Scurvy is a disease caused by a dietary deficiency of vitamin C (ascorbic acid). The disease has occurred with regular frequency throughout human history and prehistory in populations lacking fresh foods … Deficiency of the vitamin causes a breakdown in the binding function of these tissues, producing a series of characteristic signs and symptoms: weakness, lethargy, irritability, anemia, purple spongy gums which bleed freely, loosening teeth, the reopening of healed scars … and hemorrhaging in the mucous membranes and skin. In severe cases the mortality rate is high.
Up until then, I’d believed that scars were stronger than regular skin. When in fact they're weaker. Maybe this was something most everybody else knew, but it really shook me up. The mantra “What doesn’t kill you makes you stronger” is so satisfying. “What doesn’t kill you leaves a scar that may weaken and rupture again if stressed” is kind of scary.

I got to thinking about this recently when I was doing a computer search to see if a paper I’d had published recently was showing up yet. Only one other person with my last name is published in the medical literature, so it was quickest to type in just my last name to look for my papers.

But it turns out that they’ve been slowly working backward in time to put medical articles into the citation system. Which is why the last time I entered my name into PubMed, two articles written by my father appeared.

My father was a statistician who collaborated with medical researchers, so it’s not surprising that he had some papers published under his name. But he died when I was five, and all I knew about his job is that it had something to do with computers. Seeing his name pop up without warning like that was painful; a reminder that he’s not here, and of how much he has missed. I had never even thought about the fact that we could have talked about my work.

People often say that you never get over a loved one’s death. When I was much younger, I hated to hear this. I spent a long time trying to convince myself that my father’s death didn’t really have an effect on me. It happened when I was so young, after all. But things did sneak up on me. When I was driving down a street one day I caught sight of a little girl learning to ride a bicycle, her father running behind her, his hand on the back of her seat. Suddenly I was so upset I had to pull over to the side of the road. Then I remembered that my father had just started teaching me how to ride a bike the summer he died. After he was gone I had to do it myself: there was a big pothole in our driveway, and if I climbed on the bike at the top of it and rolled down, there was just enough momentum to get me started. I did it over and over again until I had it.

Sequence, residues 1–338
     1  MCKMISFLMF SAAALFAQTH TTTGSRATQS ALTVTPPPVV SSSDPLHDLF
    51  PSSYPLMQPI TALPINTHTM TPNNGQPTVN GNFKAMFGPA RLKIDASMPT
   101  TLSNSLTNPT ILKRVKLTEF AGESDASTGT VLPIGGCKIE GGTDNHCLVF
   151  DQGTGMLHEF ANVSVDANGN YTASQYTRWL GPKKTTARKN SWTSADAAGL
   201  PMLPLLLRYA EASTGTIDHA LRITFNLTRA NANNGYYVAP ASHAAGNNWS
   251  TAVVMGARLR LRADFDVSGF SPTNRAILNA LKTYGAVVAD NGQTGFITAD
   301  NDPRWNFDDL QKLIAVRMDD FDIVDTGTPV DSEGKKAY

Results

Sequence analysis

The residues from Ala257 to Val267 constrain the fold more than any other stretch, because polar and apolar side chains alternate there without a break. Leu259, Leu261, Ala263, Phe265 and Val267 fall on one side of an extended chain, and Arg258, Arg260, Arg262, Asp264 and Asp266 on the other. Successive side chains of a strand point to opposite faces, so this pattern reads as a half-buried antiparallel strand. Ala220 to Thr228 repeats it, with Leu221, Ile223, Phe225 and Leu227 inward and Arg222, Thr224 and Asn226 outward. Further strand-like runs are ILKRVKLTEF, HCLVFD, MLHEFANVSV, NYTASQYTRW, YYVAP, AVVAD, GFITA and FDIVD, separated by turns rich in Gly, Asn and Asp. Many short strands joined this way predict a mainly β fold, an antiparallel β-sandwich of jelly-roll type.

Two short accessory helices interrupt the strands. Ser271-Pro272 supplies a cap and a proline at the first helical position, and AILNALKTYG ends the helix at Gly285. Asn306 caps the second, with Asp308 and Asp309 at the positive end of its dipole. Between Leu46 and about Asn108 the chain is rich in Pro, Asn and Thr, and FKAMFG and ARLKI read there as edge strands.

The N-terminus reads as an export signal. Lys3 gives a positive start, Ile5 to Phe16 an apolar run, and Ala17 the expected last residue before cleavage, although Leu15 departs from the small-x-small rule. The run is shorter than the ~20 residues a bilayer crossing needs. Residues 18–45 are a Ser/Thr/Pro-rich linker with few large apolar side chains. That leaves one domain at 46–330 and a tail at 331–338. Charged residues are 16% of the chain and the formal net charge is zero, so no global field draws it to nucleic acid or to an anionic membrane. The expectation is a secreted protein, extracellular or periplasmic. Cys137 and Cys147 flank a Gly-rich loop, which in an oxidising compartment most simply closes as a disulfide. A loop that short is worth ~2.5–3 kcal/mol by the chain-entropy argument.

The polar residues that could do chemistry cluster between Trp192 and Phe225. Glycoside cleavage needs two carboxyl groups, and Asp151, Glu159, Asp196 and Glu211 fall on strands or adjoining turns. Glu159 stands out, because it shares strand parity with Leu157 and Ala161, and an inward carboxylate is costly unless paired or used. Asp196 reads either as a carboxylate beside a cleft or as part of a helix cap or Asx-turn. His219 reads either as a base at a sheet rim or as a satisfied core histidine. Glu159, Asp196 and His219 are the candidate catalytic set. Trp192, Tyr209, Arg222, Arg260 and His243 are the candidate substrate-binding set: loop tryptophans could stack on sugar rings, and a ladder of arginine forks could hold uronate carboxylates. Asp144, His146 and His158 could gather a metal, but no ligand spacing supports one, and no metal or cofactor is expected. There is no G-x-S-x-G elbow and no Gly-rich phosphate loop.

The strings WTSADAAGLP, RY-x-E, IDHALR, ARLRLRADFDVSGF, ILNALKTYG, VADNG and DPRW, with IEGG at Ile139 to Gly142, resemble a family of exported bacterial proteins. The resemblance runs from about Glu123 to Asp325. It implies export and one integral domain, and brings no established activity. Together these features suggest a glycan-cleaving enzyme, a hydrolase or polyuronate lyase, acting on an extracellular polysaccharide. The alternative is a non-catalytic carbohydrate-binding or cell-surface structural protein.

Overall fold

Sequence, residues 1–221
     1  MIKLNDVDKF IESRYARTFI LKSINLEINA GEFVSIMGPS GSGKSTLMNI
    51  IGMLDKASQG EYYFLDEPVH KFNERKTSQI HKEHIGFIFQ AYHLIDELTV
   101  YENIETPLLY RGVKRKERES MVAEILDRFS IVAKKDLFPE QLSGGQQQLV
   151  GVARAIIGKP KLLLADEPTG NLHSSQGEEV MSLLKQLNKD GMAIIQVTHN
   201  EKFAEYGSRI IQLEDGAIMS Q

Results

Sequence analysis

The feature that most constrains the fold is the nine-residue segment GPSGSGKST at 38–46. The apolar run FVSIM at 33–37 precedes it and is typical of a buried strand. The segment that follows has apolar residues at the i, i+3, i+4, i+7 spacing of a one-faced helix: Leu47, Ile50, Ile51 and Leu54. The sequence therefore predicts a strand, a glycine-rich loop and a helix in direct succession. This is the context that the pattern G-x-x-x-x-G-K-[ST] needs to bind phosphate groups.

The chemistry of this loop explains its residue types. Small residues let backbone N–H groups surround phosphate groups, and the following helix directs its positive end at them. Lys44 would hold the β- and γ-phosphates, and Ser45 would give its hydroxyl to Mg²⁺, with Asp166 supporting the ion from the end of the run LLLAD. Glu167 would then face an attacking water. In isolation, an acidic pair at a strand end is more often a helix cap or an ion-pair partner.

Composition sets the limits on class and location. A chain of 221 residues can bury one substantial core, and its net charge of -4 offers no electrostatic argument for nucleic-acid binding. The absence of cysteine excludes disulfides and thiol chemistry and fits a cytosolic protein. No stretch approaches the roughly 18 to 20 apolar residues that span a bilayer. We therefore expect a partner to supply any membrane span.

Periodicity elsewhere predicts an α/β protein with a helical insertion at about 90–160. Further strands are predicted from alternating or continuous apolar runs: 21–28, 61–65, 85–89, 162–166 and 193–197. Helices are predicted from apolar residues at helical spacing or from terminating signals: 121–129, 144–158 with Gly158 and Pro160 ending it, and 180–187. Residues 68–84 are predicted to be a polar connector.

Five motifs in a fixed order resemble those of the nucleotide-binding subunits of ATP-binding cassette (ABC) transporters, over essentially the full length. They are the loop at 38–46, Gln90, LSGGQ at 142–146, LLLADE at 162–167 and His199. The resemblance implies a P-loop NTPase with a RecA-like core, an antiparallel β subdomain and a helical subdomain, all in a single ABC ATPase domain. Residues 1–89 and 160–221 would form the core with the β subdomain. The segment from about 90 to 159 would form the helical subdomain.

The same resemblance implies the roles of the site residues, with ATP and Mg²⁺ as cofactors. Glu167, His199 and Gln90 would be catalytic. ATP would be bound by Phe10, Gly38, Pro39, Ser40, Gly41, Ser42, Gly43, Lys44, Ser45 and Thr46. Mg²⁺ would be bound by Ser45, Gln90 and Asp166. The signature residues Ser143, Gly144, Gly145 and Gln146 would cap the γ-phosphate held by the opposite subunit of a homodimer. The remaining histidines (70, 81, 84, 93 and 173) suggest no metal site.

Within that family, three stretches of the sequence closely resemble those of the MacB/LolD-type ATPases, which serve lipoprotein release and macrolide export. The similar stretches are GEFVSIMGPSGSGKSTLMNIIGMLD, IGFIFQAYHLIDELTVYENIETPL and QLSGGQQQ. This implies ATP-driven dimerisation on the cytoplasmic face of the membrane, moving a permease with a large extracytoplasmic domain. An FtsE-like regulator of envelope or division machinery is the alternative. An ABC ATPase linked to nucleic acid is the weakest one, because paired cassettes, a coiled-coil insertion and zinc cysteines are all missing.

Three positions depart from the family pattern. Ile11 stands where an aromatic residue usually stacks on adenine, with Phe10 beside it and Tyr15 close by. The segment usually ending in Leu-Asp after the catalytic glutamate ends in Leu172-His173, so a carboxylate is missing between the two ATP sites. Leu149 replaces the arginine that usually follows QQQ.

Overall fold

Once glimpsed, the knowledge that a person who loves you and takes care of you can disappear in an instant never goes away. It can teach you to appreciate people, but it also makes you very wary.

The truth about what happens when something wounds you is that first there is pain and bleeding. Then you start to heal, and a scar forms. A scar is vastly better than nothing; at least the acute pain goes away, and you don’t bleed to death. But it’s never the same as it was.

I think that human interaction is like vitamin C for the soul: get too little, and your psychic wounds can reopen.

I guess that’s why I keep blogging.

Wednesday, November 08, 2006

I Didn't Mean Right NOW

I got a call from the Medical Examiner's office that one of my patients was found dead. It was the woman I saw the other week, the one who couldn't stop drinking, the one I called a drink-yourself-to-a-miserable-death alcoholic. The cause of death was clearly alcohol-related. She was found by her daughter, who had stopped by with her newborn baby. I didn't even know she had a daughter.

I spoke with the daughter on the phone. She talked about how the alcohol was the only thing that mattered to her mother; she only ever called her daughter to scream at her. The daughter seemed incredibly nice.

I haven't got anything profound to say about this. I'm just trying to imagine what it must be like to care more about getting drunk than about your daughter, or your brand-new grandchild, or your own life.